Literary Cambridge By Bike
Saturday May 16th, 2009
A selection of literary works with Cambridge settings
Henry James, The Bostonians (1886) — Basil Ransome, a Mississippi lawyer, brings beautiful feminist Varena Tarrant to see Harvard and the Civil War tablets in Memorial Hall in this satirical political novel.
William Faulkner, The Sound and the Fury (1929) — Quentin Compson, a Harvard freshman, ties flatirons on and throws himself off the Larz Anderson Bridge.
May Sarton, Faithful Are the Wounds (1955) — Embattled Harvard liberals suffer in the paranoia of the 1950s
John Jay Osborn, Jr., The Paper Chase (1970) — First-year student at Harvard Law School meets a nasty professor.
Erich Segal, Love Story (1970) — "Love means never having to say you're sorry." Harvard, Radcliffe, love, and death.
Richard Stern, Other Men's Daughters (1974) — A middle-aged Harvard biology professor living near Ash Street has an affair with a student.
Jane Langton The Memorial Hall Murder (1978) — Detective Homer Kelly investigates the death of a chorus leader in the bowels of Harvard's Memorial Hall.
Monroe Engel, Fish (1981) — The narrator is a private school teacher with a passive personality, lots of Harvard Square.
Margaret Atwood, The Handmaid's Tale (1985) — Harvard has been transformed into a prison for dissenters in this novel of a dystopia in which women are virtual slaves.
Linda Barnes, Lucky Penny (1985) — Private detective Carlotta Carlyle lives near Harvard Square from which she ventures to solve old and new cases in the 12 mystery novels in the series that started with this short story.
Sue Miller, The Good Mother (1986) — Set in the Porter Square area, this novel chronicles the relationship between a single mother and her boyfriend and the tragedy that ensues; made into a 1988 movie starring Diane Keaton and Liam Neeson.
Anne Bernays, Professor Romeo (1988) — Philandering Harvard professor Jake Barker finds his career at risk after charges of sexual harassment.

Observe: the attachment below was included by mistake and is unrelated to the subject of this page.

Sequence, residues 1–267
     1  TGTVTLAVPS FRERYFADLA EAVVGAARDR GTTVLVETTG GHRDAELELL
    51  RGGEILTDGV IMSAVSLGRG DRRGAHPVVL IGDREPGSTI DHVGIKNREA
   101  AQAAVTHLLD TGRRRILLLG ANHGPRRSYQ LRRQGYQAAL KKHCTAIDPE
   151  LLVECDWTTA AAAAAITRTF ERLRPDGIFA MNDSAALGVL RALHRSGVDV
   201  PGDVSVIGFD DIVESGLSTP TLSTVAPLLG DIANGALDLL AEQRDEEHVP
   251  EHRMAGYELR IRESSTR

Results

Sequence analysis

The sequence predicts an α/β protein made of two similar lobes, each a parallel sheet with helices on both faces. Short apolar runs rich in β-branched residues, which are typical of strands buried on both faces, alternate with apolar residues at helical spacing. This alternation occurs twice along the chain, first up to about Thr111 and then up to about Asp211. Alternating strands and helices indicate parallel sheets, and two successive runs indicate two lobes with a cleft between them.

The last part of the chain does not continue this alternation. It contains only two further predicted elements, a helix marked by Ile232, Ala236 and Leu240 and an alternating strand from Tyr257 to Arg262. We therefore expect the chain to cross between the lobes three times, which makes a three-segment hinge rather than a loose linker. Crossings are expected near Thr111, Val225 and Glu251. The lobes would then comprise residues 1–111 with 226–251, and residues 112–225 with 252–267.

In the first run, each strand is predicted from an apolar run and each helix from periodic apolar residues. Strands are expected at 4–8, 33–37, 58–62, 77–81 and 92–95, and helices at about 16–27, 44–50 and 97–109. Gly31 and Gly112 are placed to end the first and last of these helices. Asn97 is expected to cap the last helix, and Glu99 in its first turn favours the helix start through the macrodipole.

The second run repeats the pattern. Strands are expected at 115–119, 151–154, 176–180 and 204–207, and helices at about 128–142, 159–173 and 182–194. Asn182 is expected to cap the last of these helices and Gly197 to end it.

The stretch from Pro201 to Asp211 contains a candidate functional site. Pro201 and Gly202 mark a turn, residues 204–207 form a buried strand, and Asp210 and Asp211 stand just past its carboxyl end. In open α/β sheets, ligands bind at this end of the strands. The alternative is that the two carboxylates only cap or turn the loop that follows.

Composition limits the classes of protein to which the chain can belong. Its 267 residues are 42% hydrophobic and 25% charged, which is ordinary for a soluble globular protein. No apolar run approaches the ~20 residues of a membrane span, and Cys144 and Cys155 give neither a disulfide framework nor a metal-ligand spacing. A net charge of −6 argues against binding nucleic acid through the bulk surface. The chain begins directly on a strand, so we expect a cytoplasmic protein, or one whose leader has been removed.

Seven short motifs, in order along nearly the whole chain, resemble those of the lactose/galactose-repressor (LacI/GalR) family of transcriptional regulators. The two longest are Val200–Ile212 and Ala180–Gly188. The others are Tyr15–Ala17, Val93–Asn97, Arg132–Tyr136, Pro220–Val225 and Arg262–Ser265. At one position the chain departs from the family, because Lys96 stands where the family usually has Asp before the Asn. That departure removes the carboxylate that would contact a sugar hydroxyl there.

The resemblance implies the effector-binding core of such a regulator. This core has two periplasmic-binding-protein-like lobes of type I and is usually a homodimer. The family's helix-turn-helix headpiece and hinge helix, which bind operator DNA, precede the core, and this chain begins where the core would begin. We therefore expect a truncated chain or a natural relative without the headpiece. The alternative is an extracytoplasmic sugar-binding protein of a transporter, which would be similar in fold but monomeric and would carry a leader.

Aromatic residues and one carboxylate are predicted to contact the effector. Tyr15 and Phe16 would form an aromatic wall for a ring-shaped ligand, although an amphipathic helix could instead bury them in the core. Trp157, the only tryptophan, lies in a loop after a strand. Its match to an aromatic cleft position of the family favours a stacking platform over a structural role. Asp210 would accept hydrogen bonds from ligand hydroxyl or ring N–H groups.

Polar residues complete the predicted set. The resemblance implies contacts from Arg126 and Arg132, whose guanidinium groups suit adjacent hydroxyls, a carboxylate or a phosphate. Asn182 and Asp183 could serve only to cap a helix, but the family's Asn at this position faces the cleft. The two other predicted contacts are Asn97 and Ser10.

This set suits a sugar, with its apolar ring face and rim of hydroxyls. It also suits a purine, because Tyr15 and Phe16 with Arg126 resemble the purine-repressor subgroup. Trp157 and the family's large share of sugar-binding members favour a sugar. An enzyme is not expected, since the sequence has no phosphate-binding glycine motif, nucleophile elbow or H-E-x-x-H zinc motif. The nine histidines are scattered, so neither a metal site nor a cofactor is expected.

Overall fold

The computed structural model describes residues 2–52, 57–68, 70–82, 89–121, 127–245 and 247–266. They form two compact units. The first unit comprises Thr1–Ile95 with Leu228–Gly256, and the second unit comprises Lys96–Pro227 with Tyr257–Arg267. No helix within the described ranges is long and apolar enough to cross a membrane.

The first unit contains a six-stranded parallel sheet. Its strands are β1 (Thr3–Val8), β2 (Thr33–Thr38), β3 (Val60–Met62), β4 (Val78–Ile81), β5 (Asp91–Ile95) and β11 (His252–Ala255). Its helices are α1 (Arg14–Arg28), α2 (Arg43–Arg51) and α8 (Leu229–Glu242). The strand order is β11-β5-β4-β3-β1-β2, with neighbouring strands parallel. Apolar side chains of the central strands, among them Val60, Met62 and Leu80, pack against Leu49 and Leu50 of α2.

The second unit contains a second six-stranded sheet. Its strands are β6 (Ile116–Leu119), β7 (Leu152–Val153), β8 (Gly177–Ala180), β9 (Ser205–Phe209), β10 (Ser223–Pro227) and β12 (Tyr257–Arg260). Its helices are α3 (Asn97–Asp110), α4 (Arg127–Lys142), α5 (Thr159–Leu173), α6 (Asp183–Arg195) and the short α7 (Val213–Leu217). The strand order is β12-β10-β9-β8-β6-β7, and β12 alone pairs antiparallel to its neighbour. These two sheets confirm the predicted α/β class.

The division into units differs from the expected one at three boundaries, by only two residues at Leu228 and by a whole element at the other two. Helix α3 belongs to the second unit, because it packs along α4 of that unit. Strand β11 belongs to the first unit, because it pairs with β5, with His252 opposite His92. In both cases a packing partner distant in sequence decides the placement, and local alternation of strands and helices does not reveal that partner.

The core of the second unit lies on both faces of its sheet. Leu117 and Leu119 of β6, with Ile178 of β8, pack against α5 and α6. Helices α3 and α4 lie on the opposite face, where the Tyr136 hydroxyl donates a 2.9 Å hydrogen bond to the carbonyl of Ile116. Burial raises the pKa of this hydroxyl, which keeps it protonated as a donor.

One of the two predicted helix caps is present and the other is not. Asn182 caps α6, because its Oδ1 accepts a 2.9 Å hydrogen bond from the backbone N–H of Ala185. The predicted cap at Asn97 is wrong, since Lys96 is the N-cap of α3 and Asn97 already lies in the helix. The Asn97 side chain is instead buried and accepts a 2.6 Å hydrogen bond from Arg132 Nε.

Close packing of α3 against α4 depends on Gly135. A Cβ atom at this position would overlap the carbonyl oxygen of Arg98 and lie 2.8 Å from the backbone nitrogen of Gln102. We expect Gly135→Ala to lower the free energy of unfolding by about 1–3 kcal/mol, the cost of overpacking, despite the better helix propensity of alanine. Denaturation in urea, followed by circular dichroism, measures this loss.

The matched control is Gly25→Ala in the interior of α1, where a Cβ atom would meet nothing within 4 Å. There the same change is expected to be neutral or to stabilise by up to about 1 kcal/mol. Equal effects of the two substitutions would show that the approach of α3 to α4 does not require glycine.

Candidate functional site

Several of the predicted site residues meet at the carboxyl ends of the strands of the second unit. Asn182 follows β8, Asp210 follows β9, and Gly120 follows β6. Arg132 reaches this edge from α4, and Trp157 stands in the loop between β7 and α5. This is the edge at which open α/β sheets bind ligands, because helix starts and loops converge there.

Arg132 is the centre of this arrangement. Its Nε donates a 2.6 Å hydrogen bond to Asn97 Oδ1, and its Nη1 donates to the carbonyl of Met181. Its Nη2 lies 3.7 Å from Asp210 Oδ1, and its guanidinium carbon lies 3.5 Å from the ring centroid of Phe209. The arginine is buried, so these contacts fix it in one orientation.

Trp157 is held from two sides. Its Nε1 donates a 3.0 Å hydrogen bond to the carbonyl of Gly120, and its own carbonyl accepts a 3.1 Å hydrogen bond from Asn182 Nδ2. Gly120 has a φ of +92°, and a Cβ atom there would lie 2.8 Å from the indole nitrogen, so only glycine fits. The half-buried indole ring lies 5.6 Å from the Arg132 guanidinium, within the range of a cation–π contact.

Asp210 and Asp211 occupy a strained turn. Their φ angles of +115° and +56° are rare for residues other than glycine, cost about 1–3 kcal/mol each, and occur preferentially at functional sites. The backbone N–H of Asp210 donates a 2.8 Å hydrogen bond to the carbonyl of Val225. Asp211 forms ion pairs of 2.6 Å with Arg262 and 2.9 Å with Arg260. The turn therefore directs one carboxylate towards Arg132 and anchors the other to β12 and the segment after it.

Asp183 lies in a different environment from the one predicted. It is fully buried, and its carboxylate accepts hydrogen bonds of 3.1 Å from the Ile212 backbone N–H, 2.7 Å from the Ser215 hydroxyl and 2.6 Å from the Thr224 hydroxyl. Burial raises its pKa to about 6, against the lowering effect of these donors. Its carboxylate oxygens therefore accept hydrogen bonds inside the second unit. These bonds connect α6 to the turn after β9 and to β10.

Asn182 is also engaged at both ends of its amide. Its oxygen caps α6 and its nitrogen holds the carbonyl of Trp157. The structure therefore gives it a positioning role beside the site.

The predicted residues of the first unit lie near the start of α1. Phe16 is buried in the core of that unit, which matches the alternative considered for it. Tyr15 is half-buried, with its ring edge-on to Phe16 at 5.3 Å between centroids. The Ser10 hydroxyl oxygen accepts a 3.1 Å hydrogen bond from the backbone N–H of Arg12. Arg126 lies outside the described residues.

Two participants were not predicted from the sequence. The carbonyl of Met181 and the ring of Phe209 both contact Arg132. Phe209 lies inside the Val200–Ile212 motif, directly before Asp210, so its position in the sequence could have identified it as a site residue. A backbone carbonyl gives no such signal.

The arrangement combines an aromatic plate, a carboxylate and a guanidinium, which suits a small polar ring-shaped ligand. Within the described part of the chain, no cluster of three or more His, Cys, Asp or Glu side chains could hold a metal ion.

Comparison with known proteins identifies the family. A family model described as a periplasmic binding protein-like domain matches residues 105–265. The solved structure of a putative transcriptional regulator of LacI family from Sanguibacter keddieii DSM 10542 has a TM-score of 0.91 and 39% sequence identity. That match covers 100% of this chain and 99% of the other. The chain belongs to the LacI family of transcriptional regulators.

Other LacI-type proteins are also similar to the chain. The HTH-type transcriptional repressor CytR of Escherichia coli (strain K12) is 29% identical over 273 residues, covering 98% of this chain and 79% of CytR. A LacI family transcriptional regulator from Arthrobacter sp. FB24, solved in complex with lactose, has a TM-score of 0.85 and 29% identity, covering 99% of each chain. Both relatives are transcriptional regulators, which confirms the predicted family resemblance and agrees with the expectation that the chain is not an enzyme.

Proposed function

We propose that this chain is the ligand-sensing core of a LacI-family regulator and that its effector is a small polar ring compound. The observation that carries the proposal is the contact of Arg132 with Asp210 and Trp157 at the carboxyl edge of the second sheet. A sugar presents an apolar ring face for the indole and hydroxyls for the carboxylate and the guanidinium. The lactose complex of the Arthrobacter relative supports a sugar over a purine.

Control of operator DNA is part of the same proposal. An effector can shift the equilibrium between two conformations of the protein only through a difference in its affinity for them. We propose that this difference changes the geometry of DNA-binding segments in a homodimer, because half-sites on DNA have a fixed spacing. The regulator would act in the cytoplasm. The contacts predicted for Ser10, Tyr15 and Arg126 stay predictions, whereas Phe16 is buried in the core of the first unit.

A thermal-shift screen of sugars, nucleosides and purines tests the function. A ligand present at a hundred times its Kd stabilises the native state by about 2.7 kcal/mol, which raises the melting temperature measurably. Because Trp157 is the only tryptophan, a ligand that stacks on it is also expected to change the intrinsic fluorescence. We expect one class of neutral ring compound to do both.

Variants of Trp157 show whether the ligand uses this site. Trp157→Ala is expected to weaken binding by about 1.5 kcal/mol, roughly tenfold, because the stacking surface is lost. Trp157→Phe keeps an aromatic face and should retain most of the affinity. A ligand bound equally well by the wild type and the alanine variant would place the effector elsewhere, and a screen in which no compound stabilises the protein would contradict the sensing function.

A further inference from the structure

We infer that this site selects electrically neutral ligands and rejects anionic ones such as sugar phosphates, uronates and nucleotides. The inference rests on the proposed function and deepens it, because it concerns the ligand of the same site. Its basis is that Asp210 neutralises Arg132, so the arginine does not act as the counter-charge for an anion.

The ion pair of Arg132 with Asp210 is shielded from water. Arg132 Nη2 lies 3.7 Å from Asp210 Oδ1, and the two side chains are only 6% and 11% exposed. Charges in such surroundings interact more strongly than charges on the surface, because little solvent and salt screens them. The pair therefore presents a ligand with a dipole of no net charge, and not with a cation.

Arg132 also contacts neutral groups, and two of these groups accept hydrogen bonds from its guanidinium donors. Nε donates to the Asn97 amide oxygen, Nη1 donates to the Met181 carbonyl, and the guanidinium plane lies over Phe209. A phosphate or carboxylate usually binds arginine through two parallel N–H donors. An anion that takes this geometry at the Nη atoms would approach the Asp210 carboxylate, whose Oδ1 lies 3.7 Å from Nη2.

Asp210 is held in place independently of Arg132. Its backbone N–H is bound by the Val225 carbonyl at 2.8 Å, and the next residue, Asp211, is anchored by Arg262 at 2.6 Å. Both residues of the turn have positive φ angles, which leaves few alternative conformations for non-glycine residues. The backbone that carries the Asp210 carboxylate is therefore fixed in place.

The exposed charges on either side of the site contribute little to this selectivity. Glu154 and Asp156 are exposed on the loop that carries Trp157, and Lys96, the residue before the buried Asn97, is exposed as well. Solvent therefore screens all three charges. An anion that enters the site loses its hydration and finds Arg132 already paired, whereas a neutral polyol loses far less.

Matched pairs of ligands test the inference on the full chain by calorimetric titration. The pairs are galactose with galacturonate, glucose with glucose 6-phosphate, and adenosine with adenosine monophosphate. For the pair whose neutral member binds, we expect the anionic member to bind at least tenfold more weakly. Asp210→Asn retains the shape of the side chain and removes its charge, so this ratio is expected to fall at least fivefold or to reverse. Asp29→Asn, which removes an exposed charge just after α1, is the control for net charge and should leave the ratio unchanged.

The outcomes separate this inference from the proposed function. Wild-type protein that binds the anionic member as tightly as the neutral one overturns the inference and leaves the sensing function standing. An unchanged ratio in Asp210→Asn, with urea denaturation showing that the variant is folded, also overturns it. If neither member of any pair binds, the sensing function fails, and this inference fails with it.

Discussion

Dick Cluster, Return To Sender (1988) — Car mechanic and amateur detective Alex Glauberman gets hired by a man at a Central Square coffee shop who turns up dead outside Glauberman's North Cambridge apartment that night.
Scott Turow, One L: The Turbulent True Story of a First Year at Harvard Law School (1988) — The well-known legal thriller writer describes his law school experiences.
Susan Conant, Ruffly Speaking (1994) — An Alaskan malamute trainer living in Cambridge solves cozy mysteries in this one of 18 in the series of Dog Lover's Mysteries.
Elizabeth Wurtzel, Prozac Nation (1994) — Memoir of a depressive who went to Harvard, wrote for The Crimson.
Robert B. Parker, Thin Air (1995) — Works in Boston, lives in Cambridge, Spencer appears in 38 books.
Stephen McCauley, The Man of the House (1996) — The narrator really hates what Harvard Square has become.
George Packer, Central Square (1998) — Therapy, writing, community organizing - it's all here.
Mameve Medwed, Host Family (2001) — This and her other novels are strong on the details of Harvard Square and points west.
Michelle Blake, The Book of Light (2003) — Rev. Lily Connor is at "Tate University" when trouble erupts.
Ben Mezrich, Bringing Down the House (2003) — Some fact, some fiction, MIT students work their mathematical magic in Las Vegas.
Matthew Pearl, The Dante Club (2003) — Lowell, Longfellow, and Holmes try to unravel a string of murders in 1865 Boston and Cambridge, following a trail that takes them through West Cambridge and Riverside.
Allegra Goodman, Intuition (2006) — Medical research, intrigue, and maybe fraud in an institute in Harvard Square
Joe Haldeman, The Accidental Time Machine (2007) — A lazy physics student at MIT starts to travel in time.
Thanks to most literate Cantabrigians Sara Kenney and Trudi Harkins for their major contributions to this list.
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